2 Blister Beetle
Dregscape Zombie
Goblin Outlander
Rotting Rats
2 Dragon Fodder
Maniacal Rage
Yoke of the Damned
Cunning Lethemancer
Vithian Stinger
2 Brackwater Elemental
Shore Snapper
Obelisk of Grixis
2 Dark Temper
Soul’s Fire
Viscera Dragger
Corpse Connoisseur
Elder Mastery
Absorb Vis
Kederekt Leviathan
Savage Lands
7 Swamp
6 Mountain
2 Island

In round 5 I played against Zack Spence’s Jund deck. I love Unearth, but Jund is always this kind of deck’s worst matchup. His draws were fairly similar both games, and both featured the essentially unbeatable combination of Necrogenesis (I should stop there, since I basically just can’t beat that card), Scarland Thrinax, and Scavenger Drake. Game 1 I thought I might stabilize at 4 and kill him when I played Kederekt Leviathan, but he just untapped and killed me with Predator Dragon.


Romolo Disconzi, my round 6 opponent, was playing an aggressive Naya deck. I Blister Beetled his turn 2 Aven Squire and then hit a good curve of threats involving Goblin Outlander, Viscera Dragger, and Corpse Connoisseur in game 1. In game 2 he spent his early turns fixing mana with an Armillary Sphere while I played a turn 2 Goblin Outlander and then put Maniacal Rage on it. That had to stop attacking when he played a Wild Leotau because I wanted him to pay the upkeep rather than offering the trade. On the my next turn I drew an Island to cast the Constricting Tendrils I’d sided in for my Shore Snapper, and attacked and killed his Leotau. He played a Cavern Thoctar, but I had a Vithian Stinger in play, so it just traded with my Outlander. I had a Viscera Dragger, but it couldn’t really attack through his Valeron Outlander. I was just trying to live long enough to draw my 6th mana source and kill him with my Elder Mastery. He played a Welkin Guide to start putting pressure on me, and I finally drew my 6th mana source, but it was an Obelisk. I knew he was dead next turn if he couldn’t block, so I put Yoke of the Damned on his Welkin Guide so that if it didn’t attack, I could use the Stinger at the end of his turn to put him down to 6, and then untap and use the Stinger on itself to clear the blocker. He attacked with the Welkin Guide, and didn’t have anything to stop me when I played the Elder Mastery.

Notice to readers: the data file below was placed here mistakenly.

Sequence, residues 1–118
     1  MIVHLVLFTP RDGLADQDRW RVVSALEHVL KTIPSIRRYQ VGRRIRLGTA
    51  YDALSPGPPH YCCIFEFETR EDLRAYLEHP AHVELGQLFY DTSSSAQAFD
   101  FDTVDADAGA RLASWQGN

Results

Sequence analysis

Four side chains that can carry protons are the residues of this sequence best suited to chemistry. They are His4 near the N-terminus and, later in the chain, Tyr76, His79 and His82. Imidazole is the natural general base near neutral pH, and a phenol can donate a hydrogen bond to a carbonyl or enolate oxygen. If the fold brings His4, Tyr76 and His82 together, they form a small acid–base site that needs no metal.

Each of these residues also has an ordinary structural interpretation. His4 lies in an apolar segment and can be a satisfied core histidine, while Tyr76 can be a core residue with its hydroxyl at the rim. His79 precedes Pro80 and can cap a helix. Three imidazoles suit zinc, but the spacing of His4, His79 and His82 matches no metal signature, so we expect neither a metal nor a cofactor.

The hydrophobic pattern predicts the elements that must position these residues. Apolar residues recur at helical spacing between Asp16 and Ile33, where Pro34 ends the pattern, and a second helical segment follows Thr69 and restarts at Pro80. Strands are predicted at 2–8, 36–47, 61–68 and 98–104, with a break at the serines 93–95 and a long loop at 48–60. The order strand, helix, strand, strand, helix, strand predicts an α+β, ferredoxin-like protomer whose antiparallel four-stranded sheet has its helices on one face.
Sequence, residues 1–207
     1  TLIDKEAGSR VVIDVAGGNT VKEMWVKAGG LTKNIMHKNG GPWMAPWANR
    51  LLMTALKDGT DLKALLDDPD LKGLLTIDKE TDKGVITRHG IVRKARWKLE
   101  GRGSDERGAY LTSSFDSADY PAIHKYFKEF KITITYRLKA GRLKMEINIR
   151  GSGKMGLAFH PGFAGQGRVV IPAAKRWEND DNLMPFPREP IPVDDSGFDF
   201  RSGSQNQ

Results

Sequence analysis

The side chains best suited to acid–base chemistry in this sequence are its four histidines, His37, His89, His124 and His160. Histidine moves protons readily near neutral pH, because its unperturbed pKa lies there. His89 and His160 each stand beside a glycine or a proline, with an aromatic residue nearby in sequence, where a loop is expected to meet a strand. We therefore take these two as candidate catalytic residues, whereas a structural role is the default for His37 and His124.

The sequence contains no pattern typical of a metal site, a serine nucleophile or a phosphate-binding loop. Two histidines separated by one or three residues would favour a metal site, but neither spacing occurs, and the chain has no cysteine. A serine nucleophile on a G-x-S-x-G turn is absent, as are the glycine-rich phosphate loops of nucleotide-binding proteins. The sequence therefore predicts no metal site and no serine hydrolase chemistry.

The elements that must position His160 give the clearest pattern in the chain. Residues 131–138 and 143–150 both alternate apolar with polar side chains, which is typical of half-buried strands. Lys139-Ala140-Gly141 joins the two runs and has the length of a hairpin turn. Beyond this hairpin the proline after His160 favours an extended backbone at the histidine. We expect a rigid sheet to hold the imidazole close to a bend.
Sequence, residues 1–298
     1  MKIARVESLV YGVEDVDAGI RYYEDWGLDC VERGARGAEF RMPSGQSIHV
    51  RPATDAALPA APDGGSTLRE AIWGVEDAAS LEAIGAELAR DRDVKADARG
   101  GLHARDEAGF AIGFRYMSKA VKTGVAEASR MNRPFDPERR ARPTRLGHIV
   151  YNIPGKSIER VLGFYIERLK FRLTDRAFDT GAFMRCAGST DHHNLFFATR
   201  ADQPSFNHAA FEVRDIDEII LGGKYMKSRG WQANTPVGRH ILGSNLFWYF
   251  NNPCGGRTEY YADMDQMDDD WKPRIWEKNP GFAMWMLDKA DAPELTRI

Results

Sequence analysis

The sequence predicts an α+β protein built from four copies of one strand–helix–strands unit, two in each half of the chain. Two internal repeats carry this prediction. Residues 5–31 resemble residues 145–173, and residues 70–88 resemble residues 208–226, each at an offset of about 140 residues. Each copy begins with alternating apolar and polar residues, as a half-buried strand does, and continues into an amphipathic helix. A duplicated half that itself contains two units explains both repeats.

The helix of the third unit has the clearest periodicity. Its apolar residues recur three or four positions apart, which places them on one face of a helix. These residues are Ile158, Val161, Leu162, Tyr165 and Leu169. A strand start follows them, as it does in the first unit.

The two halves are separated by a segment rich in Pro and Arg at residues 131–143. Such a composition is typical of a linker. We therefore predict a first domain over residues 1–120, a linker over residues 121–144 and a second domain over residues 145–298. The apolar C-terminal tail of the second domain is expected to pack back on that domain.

Round 7 was a mirror match against John Cuvelier. His Grixis deck was a little more controlling and generally looked more like what I wanted to draft. Both games involved both of us getting to very low life totals with no hand and nothing in play and just trying to out-draw the other. I succeeded both times.


5-2 is a satisfying, but not inspiring record. I think it’s basically par for a Pro Tour. After seven rounds of play, I packed it up and readied myself for some Japanese fun. There will be more rounds, karaoke stories, and conclusions next week.

Until then…